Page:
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Eagles News: The best edge rusher fit for Philly?

Philadelphia Eagles news and links for 4/9/23.


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2023 NFL Draft: Pro comparisons and analytical team fits for top edge-rushing prospects -
LUKAS VAN NESS — PRO COMPARISON: Trey Hendrickson. Van Ness generated 46 QB pressures in 2022, per PFF, ranking third in the Big Ten and tied for 17th in the Power Five. PFF also credited him with nine sacks, which was tied for second in the Big Ten and tied for 10th in the Power Five. Van Ness led the Big Ten in PFF’s run-stopping grade (80.9), as well. All of this is quite impressive considering he didn’t start and had to share snaps with more experienced teammates, given how Kirk Ferentz likes to run his Iowa program.TEAM FIT: Philadelphia Eagles. The Eagles had the least-fatigued defensive front in 2022 as measured by computer vision (change in burst speed in fourth quarter vs. the first quarter). Their subbing strategy was impeccable and likely will be emulated across the league going forward. With some offseason attrition and aging on Philadelphia’s defense, Van Ness could help ensure continued success for the unit. Drafting Van Ness could spawn a “greater than the sum of the parts” type of impact for the Eagles, which is why I like the Hendrickson comp here. We knew Hendrickson was talented in New Orleans, but he turned into a Pro Bowler in Cincinnati, playing on a defense that was set up in a way that magnified his strengths. I think Van Ness and Philly would similarly benefit from joining forces.

2023 NFL draft edge rusher projections: Rankings, stats, comps - ESPN+
2. Lukas Van Ness, Iowa. SackSEER projection: 24.5 sacks through five NFL seasons. Scouts Inc.: No. 11 overall. Similar historical prospects: Ezekiel Ansah, Rashan Gary. Van Ness never truly broke out as a pass-rusher at Iowa, but SackSEER suggests that his best days could be in front of him. He had a good combine, running the 40-yard dash in only 4.58 seconds and the 3-cone in only 7.02 seconds. These are extremely good times for a player who weighs in at 272 pounds. Van Ness’s weakness is his production. His passes defended rate was average, and his best season for sack numbers was his freshman year, when he recorded seven sacks in 13 games. Production is not everything, and there is a fairly long list of edge rushers who never hit double-digit sacks in a season in college but later did so several times in the NFL. You never want to bet too hard on an edge rusher without tremendous college production, but Van Ness offers tantalizing upside as a player with a great combination of size and skill.

2023 NFL Mock Draft: Philadelphia Eagles pick cornerback at No. 10 - BGN
Is he a scheme fit in Philly? We do not yet know what type of coverage new Eagles DC Sean Desai will run. When in Chicago, his scheme was like what Jonathan Gannon ran here. We know the Vic Fangio school prefers zone coverage. The issue is Witherspoon better fits a man coverage scheme than a zone scheme. Could he make the change? I think so. His instincts will certainly give him a great chance to read plays if he is facing the QB rather than following one WR like he would in man. What is good about him is even in man coverage, it is not like he was pressing on every play. Go back and watch Illinois on defense and you will see the CBs playing back in coverage very much like the Eagles do. It won’t be as big of a change to adapt to for Witherspoon as it might be for someone like Joey Porter Jr. who is constantly pressing with the WR off the snap.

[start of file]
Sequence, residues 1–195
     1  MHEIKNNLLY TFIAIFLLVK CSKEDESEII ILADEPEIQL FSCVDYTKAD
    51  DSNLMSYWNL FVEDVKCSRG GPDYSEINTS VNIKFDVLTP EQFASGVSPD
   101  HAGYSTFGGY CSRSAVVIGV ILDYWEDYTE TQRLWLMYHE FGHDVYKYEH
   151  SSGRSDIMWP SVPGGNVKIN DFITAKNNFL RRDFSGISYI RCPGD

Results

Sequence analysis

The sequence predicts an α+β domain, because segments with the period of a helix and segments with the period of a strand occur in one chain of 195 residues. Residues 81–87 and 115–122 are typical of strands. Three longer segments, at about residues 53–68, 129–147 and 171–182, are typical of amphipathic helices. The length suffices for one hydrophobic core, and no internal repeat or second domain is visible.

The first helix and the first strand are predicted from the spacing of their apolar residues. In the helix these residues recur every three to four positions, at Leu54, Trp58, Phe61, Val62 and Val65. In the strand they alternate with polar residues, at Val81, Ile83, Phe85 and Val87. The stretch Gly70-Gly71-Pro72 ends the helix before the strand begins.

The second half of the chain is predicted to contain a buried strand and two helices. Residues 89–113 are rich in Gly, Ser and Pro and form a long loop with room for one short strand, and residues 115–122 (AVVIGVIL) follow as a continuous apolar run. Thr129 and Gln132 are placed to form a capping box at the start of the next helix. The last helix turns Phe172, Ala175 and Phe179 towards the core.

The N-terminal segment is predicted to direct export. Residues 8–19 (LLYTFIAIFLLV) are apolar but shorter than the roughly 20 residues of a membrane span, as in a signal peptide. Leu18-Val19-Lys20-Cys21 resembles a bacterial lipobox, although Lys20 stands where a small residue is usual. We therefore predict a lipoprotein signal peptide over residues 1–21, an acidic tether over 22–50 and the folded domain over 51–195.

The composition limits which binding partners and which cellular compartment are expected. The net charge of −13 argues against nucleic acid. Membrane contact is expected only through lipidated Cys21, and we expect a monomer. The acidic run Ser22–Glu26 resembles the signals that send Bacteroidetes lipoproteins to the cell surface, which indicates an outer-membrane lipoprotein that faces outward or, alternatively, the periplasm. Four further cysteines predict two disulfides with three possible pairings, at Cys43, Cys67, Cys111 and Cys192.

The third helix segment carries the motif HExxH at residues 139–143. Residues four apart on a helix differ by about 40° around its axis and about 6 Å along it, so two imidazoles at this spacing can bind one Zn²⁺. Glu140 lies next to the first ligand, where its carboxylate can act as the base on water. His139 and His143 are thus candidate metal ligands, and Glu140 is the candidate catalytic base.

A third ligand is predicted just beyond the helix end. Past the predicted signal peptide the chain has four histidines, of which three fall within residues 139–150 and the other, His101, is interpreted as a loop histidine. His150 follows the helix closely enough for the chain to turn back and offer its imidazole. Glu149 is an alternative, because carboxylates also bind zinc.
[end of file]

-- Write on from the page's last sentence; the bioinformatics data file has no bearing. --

The EPA Podcast #20: Players the Eagles should target at No.10 overall - BGN Radio
Shane Haff and Victor Williams each look at three guys they think Eagles should take with the No.10 overall pick.

A peek ahead to the Eagles’ 2024 free agents - PhillyVoice
DE Derek Barnett: It’s not a lock that Barnett will even be back with the team in 2023, as the team could still opt to release him once he is able to pass a physical. But if he does stick, he’s scheduled to hit the open market in 2024. WR Quez Watkins: Watkins is another player whose roster spot isn’t guaranteed in 2023. He earned a bump in base salary to $2,743,000 after hitting playing time benchmarks his first three years in the league. That bump is not guaranteed, and the Eagles will have to decide if Watkins is worth that figure. If he does play for the Eagles in 2023, he is scheduled for free agency in 2024.

Sunday Notebook - Iggles Blitz
I hadn’t really thought of him, but there is some logic here. The Eagles may prefer to see how the draft shakes out before considering a move like this. I think they could take a WR as early as the 2nd round. I don’t anticipate that, but anything outside of the 1st round is possible. Golladay was a volume receiver in Detroit. He caught 135 passes in 2018 and 2019 combined. In the three seasons since, he’s caught 63. There are circumstances that led to the decline, but you wonder if Golladay would embrace being a role player now.

In Roob’s Observations, a unique challenge facing Nick Sirianni in Year 3 - NBCSP